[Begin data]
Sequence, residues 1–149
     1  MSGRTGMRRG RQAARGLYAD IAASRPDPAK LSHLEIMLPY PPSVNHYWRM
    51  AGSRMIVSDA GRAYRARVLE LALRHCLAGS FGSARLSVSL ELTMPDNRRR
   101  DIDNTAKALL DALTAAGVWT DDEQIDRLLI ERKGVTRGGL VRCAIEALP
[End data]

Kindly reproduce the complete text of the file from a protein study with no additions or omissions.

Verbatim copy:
Sequence, residues 1–149
     1  MSGRTGMRRG RQAARGLYAD IAASRPDPAK LSHLEIMLPY PPSVNHYWRM
    51  AGSRMIVSDA GRAYRARVLE LALRHCLAGS FGSARLSVSL ELTMPDNRRR
   101  DIDNTAKALL DALTAAGVWT DDEQIDRLLI ERKGVTRGGL VRCAIEALP